Sometimes there isn’t time for careful deliberation. The clock is ticking, and a decision must be made. But when stress levels rise, the quality of our thinking often declines, resulting in poor decisions. We’re too stressed to think straight, let alone do something.
We’ve all faced high-stress moments such as these, but few of us face them as regularly—or with as much on the line—as Navy SEAL leaders in battle. That’s why SEAL combat leaders have a straightforward strategy for problem solving under pressure.
It’s called “Prioritize and Execute,” and it works like this—step back from the firing line…make a quick assessment of your situation…identify your highest priority problem…develop a solution to this problem…communicate it to your team…focus your efforts on this priority…and then and only then worry about other priorities.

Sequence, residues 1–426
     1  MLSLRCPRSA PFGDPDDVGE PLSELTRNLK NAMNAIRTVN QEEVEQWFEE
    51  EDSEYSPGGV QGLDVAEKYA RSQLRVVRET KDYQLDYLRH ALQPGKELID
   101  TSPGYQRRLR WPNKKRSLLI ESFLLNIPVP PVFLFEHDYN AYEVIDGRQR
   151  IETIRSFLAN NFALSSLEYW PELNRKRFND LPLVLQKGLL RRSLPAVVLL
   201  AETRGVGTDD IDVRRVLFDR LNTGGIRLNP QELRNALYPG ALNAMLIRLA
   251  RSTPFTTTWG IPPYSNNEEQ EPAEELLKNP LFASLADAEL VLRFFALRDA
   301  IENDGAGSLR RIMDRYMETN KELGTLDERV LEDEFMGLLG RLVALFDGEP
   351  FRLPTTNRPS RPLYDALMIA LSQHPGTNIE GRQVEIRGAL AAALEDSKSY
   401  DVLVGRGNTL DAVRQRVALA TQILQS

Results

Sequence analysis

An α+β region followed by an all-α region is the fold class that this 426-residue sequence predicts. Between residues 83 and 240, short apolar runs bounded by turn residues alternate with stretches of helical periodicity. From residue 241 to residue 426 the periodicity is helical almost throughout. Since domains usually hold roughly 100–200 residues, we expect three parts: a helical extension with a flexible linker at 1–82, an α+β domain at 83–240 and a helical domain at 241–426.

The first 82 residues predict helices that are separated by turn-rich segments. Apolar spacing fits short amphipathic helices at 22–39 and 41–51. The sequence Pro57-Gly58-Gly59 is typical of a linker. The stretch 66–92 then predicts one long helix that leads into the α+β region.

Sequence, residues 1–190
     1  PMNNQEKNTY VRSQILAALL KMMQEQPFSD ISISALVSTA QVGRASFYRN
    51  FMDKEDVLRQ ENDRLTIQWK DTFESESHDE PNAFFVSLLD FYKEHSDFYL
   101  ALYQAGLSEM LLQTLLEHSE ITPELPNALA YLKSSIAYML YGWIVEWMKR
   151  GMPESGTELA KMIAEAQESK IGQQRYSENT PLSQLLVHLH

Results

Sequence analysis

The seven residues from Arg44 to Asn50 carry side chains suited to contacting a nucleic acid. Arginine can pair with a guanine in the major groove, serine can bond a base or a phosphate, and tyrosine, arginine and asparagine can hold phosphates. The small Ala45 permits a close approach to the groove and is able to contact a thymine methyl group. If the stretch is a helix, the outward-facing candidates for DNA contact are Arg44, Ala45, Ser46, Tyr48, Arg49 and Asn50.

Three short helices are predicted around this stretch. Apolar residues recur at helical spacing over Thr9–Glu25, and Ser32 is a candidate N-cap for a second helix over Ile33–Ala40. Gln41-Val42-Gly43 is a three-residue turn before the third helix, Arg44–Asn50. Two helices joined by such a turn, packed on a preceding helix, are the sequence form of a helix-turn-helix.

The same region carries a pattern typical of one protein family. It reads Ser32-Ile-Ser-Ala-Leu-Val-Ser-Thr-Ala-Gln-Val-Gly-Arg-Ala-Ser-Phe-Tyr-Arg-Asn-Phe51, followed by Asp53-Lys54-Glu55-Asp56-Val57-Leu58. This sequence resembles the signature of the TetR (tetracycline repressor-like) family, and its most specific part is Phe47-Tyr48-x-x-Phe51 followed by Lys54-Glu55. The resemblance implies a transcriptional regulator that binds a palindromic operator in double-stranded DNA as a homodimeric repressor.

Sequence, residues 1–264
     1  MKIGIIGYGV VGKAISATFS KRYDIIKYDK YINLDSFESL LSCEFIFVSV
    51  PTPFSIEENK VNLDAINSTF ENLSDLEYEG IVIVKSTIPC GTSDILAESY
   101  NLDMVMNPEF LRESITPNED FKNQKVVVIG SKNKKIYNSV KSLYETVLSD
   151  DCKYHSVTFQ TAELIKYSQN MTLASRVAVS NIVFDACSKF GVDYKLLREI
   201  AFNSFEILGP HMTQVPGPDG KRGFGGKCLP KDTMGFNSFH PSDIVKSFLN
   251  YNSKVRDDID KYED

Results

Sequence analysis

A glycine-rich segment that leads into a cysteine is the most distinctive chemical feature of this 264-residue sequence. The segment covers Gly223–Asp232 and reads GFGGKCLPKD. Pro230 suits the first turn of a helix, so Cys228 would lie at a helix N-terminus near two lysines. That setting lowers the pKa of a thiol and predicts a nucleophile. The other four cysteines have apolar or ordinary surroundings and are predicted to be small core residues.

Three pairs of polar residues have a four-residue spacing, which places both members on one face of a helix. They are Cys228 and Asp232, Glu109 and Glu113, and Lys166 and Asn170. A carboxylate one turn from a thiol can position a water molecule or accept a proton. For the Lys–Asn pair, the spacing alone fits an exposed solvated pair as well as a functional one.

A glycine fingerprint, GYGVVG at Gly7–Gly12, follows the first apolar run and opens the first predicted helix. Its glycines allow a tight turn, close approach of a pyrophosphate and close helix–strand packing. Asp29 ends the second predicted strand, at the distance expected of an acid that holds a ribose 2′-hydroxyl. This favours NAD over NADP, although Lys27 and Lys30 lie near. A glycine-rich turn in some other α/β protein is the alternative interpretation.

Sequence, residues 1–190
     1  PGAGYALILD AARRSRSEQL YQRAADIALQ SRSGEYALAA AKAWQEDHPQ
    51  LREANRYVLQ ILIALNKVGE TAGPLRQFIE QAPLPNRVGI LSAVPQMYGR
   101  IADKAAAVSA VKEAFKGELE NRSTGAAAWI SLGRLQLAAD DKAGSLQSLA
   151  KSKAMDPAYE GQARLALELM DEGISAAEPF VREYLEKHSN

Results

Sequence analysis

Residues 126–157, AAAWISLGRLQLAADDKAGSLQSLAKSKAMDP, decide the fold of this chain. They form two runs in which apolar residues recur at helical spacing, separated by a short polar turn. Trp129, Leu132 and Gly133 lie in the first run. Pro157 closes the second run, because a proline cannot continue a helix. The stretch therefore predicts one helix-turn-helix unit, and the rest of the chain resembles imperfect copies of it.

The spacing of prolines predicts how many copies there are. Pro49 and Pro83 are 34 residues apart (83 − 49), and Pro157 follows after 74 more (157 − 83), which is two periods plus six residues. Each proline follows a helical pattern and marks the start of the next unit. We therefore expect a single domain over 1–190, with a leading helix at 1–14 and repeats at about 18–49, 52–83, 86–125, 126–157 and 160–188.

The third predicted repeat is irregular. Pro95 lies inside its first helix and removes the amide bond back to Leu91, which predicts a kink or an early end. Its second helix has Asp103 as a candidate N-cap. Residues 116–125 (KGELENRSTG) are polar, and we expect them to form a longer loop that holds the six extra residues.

Unfortunately, even this seemingly simple plan can be difficult to put into practice under pressure. I mentored a young platoon commander who froze up when he had to make decisions in combat. So for him I wrote an even more basic version of Prioritize and Execute in Sharpie on the window of the man’s Humvee: “1. Relax. 2. Look around. 3. Make a call.”
Armed with these instructions, the young officer performed admirably. I watched as the man took a deep breath to relax, turned his head from side to side to see and understand what was unfolding on the battlefield, then give an order.
Sound simplistic? It should—when we’re under great pressure, simple instructions often are the only ones we can process. So next time you’re faced with a stressful situation, take a deep breath to relax. Then calmly assess the situation and make your call.